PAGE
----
More images of frozen cars, trees and benches like this one can be seen at 9gag, just type “Lake Geneva” in the search window.
I’ll take this opportunity to pass along a few more links:
- If you’re suffering through Superbowl withdrawal, here are a few tips from a real doctor on how to cope.
- I know you’ve been putting off that colonoscopy. Shame on you.
- This release about using space technology to zap kidney stones has been nominated for Terrible Title of the Year.
- World-renowned itch expert Gil Yosipovitch tells us why it feels better to scratch itches in some places than in others. Is this a case of reality driving destiny or is his name just a coincidence?
- Five tons of ice was stolen from a South American glacier, then recovered. Its estimated value: $6,200. What do you do with recovered glacier ice? Let it melt? Gives new meaning to “money down the drain.”
- Another astonishing meteorological phenomenon, this time in Dorset. Hailing jellyballs. Only in England.
- You can get your gut microbiome analyzed by my.microbes.eu – but it’ll cost you nearly 1000 euros. I’m holding out for deeper discounts. In fact, I think they should pay me for the privilege of looking at my flora. It’s got to be one of a kind (burp).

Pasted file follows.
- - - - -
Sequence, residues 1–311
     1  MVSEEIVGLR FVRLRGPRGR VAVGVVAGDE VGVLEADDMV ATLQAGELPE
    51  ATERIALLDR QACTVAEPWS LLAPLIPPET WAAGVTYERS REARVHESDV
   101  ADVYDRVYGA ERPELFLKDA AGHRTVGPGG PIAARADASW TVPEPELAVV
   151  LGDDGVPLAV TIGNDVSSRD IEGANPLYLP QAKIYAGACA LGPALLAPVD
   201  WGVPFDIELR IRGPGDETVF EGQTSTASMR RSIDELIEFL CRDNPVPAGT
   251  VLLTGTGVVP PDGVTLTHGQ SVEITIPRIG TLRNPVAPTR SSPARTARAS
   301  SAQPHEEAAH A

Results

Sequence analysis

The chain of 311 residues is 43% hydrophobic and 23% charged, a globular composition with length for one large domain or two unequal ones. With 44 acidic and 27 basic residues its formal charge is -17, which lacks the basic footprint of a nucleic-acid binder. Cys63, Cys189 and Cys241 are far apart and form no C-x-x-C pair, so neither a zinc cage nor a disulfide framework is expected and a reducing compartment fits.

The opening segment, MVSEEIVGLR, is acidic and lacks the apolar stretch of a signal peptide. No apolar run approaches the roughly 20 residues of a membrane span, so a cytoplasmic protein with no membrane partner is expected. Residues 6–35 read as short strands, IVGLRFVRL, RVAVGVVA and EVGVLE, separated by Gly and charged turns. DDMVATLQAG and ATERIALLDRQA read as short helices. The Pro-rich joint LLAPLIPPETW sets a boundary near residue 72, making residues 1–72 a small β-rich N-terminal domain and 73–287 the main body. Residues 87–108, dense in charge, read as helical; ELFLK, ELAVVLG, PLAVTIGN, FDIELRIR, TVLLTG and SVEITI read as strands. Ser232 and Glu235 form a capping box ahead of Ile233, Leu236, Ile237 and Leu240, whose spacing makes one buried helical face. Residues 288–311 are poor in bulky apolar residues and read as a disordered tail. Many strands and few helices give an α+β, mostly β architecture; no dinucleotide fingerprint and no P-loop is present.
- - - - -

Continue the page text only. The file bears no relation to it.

- Scientists at the University of Utah found a relative of the Titan’s Penis (see my previous post) that is much smaller than its humongous cousin but thankfully still smells like roadkill.
- Watch this video for some more insight into the joys of barefoot running.
It’s the last day of November. I have less than 12 hours to go on the NaNoWriMo challenge. In a last desperate bid to hit 50,000 words, I’m going to keep on writing all day, with just this little break to keep the blog alive. I’m still under 45,000, so it’s a stretch. Speaking of stretch, Thanksgiving was way too much eating and not nearly enough writing.
Once again, I could take a lesson from Smokey. Look at him. He’s just lying there, I’m standing right above him with the camera, and he doesn’t even budge. In fact, after I took the picture, he calmly turned his head away and closed his eyes again. I need some of that focus!
On a walk along the lake the other day, I came across this set of footprints. Evidence that I am not alone. Continue reading
Not long ago, I did a guest post on the Running and Rambling blog. One of the best things about that blog is a series of entries called “Random Shots of Beauty” – pictures that Donald has taken out on his runs. I’ve decided to do a similar thing here.
This first entry is a picture shot by my brother Rob last week, i.e. early October, near Santa Fe, New Mexico. It took my breath away.
It should dispel the picture that many people mistakenly have of New Mexico as a hot, cactus-studded desert wasteland. In fact, Santa Fe in winter is colder than where I live now, outside Lausanne, Switzerland. It’s higher in altitude, at nearly 7,000 feet (2,200 m). And in the summer, it’s appreciably cooler, drier and more comfortable than Baltimore, where we lived for seven years before moving here.
It rivals Switzerland and Nova Scotia as one of the most beautifully livable places on the planet, in my humble opinion. (Shhh. Don’t tell anyone. There are already too many residents of a certain shall-not-be-named neighboring state buying expensive summer homes and trying to ski on our slopes. But they’re probably not reading this blog, anyway…)